Steve Allison believes that iOS gamers will pay any fair price for a good game.
The Android OS may be something of a pirates' playground these days, but apparently, developers can still turn a profit by charging for iOS games. Not only that, but they can often charge more than the standard 99¢ that seems to be the sweet spot for mobile games. Veteran adventure game company Telltale Games has been selling episodes of its Walking Dead episodic series on iPhones and iPads for $5 apiece, and has already seen a promising return on its initial investment.
"We've had good success selling episodes of our other titles on the App Store for $6.99 on iPad and $4.99 on iPhone," says Steve Allison, Telltale's senior vice president. "We've had a great initial launch as a top 10 title with no signs of slowing down." While the prevailing wisdom of mobile game pricing has been to sell massive quantities of cheap games, Allison believes that a sub-dollar price tag would not be indicative of the game's overall quality, or fair to players on other consoles. "The idea of a 99¢ gamer on iOS is more myth than fact, it's the quality and depth of each product that will drive the right price for consumers," explains Allison. "This is the right price for our game and it has not impeded our ability to get people interested in buying it."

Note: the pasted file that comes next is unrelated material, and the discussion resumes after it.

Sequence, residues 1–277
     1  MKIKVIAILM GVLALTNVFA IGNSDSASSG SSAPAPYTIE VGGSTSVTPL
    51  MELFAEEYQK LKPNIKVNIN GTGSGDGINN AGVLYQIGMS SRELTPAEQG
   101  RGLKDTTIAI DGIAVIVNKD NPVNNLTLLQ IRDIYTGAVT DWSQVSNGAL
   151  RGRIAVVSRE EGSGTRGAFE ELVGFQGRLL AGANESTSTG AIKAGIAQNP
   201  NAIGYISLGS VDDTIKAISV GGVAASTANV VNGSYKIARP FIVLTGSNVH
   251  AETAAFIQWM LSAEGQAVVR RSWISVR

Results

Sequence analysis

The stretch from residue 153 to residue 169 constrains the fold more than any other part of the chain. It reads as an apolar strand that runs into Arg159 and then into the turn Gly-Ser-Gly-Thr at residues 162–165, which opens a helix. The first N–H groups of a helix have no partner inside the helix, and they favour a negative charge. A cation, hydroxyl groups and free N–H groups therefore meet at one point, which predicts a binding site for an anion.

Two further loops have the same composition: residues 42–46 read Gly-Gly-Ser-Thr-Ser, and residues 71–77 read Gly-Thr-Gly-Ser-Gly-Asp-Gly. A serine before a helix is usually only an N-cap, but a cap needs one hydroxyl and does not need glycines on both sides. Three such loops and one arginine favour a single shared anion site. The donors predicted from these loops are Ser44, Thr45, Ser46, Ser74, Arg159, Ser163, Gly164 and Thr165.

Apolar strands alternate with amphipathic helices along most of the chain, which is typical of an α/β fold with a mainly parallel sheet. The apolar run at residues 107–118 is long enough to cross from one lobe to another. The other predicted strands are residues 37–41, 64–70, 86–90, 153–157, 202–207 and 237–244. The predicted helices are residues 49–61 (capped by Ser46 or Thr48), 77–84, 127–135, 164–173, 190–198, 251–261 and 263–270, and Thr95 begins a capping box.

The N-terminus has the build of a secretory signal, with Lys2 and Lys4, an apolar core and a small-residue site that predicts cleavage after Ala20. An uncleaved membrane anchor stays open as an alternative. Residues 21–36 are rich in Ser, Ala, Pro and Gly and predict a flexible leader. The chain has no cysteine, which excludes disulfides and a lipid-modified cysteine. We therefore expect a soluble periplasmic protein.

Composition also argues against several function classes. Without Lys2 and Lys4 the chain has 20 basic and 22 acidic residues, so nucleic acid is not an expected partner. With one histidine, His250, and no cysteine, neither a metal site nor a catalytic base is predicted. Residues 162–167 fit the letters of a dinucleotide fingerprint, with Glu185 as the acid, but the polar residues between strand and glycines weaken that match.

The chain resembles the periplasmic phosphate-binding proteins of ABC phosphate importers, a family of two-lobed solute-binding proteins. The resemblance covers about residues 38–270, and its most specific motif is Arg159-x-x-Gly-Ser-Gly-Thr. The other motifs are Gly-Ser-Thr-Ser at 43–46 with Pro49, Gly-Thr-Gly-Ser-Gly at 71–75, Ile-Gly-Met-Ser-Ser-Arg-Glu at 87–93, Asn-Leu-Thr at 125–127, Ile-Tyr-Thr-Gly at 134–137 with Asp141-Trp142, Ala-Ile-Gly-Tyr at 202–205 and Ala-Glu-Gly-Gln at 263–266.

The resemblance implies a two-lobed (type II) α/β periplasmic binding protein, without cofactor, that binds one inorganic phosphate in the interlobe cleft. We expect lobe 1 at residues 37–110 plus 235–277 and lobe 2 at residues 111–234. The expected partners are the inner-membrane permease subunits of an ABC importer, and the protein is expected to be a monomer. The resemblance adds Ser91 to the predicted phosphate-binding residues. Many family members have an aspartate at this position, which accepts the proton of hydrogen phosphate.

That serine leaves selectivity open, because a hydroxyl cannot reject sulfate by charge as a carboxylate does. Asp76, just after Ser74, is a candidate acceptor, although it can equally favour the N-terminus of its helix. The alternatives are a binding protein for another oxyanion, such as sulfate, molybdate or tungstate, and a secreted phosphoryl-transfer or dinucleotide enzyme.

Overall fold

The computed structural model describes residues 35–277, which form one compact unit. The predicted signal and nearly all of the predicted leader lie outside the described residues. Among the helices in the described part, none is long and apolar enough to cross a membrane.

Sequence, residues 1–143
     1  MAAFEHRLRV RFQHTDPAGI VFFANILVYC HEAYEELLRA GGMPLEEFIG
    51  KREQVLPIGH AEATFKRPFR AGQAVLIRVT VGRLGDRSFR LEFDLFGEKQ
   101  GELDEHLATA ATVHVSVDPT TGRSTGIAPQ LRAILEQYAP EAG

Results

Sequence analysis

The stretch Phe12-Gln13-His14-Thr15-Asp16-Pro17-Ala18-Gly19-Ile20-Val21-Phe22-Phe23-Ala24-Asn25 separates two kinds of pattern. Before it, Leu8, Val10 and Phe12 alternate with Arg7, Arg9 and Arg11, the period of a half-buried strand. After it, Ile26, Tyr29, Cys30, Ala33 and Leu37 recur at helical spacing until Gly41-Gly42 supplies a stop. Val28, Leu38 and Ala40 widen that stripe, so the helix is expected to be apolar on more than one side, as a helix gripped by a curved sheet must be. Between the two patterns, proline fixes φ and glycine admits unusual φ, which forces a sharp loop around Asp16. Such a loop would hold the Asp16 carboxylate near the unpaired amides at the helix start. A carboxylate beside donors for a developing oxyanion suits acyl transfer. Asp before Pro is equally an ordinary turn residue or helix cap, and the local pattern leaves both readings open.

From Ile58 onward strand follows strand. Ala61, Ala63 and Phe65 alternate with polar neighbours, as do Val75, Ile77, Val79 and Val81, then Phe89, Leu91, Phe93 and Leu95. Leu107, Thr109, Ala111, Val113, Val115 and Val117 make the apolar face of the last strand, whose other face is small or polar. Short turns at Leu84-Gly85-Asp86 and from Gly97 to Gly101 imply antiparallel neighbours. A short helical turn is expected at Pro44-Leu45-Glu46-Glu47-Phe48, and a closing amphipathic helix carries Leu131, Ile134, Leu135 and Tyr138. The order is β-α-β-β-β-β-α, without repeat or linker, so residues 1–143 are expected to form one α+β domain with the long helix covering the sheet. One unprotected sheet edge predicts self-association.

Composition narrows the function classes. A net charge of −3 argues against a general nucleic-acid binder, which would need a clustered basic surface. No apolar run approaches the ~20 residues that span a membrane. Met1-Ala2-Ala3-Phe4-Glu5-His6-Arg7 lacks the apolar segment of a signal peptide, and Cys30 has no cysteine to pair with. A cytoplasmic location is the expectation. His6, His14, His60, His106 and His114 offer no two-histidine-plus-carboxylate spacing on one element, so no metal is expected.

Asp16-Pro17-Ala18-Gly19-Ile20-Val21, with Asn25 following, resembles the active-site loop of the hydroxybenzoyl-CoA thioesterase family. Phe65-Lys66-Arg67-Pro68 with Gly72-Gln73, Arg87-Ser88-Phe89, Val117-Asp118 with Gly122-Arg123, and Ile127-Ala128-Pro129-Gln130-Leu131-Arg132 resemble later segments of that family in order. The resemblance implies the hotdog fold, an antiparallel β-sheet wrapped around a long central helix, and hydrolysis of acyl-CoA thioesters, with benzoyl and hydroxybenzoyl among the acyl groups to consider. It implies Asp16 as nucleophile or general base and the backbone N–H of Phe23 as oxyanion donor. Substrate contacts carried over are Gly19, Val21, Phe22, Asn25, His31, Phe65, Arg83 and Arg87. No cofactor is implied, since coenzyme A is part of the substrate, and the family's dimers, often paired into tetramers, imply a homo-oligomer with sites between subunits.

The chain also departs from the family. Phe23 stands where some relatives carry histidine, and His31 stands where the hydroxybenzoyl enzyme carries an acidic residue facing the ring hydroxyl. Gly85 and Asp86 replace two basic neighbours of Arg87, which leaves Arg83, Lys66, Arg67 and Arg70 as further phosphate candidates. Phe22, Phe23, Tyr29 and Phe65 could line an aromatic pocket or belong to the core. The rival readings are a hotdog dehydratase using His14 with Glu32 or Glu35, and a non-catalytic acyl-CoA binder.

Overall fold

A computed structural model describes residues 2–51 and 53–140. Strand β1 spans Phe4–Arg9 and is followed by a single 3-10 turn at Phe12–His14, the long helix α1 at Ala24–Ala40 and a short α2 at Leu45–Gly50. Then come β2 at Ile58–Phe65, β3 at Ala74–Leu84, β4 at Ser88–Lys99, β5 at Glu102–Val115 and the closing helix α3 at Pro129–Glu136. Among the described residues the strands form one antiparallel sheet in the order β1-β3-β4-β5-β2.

This strategy stands in stark contrast to reducing the price of a mobile port, or varying prices between mobile operating systems. However, both smartphones and tablets are much more powerful than they used to be, and their utility continues to grow at an exponential rate. If developers can program the same experience into a more compact platform, is there any reason why gamers shouldn't pay the same price?